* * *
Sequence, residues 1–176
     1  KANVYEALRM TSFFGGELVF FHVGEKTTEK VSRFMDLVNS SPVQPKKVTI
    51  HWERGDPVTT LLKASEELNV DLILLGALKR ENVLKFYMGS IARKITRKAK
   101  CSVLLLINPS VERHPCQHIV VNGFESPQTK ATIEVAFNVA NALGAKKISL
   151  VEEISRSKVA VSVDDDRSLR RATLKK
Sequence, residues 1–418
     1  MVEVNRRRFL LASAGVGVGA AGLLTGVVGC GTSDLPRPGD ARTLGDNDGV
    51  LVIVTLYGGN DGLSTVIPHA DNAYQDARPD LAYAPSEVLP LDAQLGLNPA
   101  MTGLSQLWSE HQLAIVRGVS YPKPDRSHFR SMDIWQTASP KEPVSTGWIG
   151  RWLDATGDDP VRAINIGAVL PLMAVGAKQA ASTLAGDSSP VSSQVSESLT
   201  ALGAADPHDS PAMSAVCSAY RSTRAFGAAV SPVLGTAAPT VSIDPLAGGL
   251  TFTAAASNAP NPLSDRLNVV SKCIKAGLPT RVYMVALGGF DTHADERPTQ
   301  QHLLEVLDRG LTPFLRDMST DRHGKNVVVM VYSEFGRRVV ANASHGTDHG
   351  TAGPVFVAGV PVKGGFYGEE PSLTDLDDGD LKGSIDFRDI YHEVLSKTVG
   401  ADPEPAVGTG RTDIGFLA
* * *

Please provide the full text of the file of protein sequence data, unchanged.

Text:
Sequence, residues 1–176
     1  KANVYEALRM TSFFGGELVF FHVGEKTTEK VSRFMDLVNS SPVQPKKVTI
    51  HWERGDPVTT LLKASEELNV DLILLGALKR ENVLKFYMGS IARKITRKAK
   101  CSVLLLINPS VERHPCQHIV VNGFESPQTK ATIEVAFNVA NALGAKKISL
   151  VEEISRSKVA VSVDDDRSLR RATLKK
Sequence, residues 1–418
     1  MVEVNRRRFL LASAGVGVGA AGLLTGVVGC GTSDLPRPGD ARTLGDNDGV
    51  LVIVTLYGGN DGLSTVIPHA DNAYQDARPD LAYAPSEVLP LDAQLGLNPA
   101  MTGLSQLWSE HQLAIVRGVS YPKPDRSHFR SMDIWQTASP KEPVSTGWIG
   151  RWLDATGDDP VRAINIGAVL PLMAVGAKQA ASTLAGDSSP VSSQVSESLT
   201  ALGAADPHDS PAMSAVCSAY RSTRAFGAAV SPVLGTAAPT VSIDPLAGGL
   251  TFTAAASNAP NPLSDRLNVV SKCIKAGLPT RVYMVALGGF DTHADERPTQ
   301  QHLLEVLDRG LTPFLRDMST DRHGKNVVVM VYSEFGRRVV ANASHGTDHG
   351  TAGPVFVAGV PVKGGFYGEE PSLTDLDDGD LKGSIDFRDI YHEVLSKTVG
   401  ADPEPAVGTG RTDIGFLA